Taken as a whole, our findings have several potential explanations, including billing/administrative data that do not adequately capture complexity of illness or reasons for transfer; inappropriate delays in placing transfer requests or in transfers being completed once accepted; suboptimal care between acceptance and arrival at the accepting hospital; transfer of patients that should not have been transferred and hazards due to discontinuity of care, including communication deficits, resulting in increased risks to patients.
In summary, in this national study of IHT and patient outcomes across a variety of patient diagnoses, we found that IHT is associated with greater resource utilisation (higher allowed charges, longer LOS, lower rates of discharge home) across all examined diagnoses. It remains unclear whether these findings reflect a reasonable response to the inherent discontinuity in care associated with IHT, or whether resource utilisation is inappropriately increased due to poor quality and/or inefficiencies of this care transition (or some combination of both). We additionally demonstrated that IHT was associated with differential mortality outcomes dependent on patients’ disease category, with suggestion of mortality benefit of transfer among patients with diseases that carry clear guidelines directing management (AMI, sepsis, stroke and respiratory disease). We also demonstrated an association between IHT and increased mortality among patients with more heterogenous disease categories, requiring further research to tease out the underlying aetiologies that may explain these findings, with an ultimate goal of developing targeted quality improvement initiatives to create safer hospital transfers among all patients. Collectively, these results present a nuanced assessment of this complex care transition across a variety of patient diagnoses, raising awareness that there is heterogeneity among transferred patients depending on the diagnosis and highlighting the possibility that not all patients may benefit from transfer.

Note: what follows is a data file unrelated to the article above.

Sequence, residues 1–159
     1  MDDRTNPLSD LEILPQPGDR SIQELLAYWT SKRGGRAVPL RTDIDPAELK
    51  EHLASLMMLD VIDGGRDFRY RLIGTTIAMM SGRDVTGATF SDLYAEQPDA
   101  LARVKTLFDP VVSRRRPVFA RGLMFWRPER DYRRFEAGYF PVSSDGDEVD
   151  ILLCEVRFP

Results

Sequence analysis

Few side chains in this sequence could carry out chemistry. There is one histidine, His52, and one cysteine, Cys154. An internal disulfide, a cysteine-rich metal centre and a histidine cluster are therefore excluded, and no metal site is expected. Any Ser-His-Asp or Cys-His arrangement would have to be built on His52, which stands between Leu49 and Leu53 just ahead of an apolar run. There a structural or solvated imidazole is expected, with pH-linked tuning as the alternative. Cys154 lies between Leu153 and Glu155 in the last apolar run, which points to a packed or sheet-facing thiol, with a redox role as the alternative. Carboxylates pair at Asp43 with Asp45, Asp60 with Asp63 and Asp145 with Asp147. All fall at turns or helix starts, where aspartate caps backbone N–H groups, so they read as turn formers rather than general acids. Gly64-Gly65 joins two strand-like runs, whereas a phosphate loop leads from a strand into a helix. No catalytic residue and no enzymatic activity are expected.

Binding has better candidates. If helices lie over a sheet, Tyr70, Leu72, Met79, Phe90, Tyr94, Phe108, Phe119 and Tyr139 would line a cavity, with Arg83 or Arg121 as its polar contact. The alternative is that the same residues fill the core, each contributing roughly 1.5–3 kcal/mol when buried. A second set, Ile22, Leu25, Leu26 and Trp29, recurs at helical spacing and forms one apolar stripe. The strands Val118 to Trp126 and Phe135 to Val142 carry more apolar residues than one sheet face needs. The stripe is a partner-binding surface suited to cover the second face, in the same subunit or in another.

Funding The authors have not declared a specific grant for this research from any funding agency in the public, commercial or not-for-profit sectors.
Competing interests None declared.
Patient consent Not required.
Ethics approval Our study protocol (ID 2015P000421) was approved by the Partners Healthcare Human Subjects Review Committee.
Provenance and peer review Not commissioned; externally peer reviewed.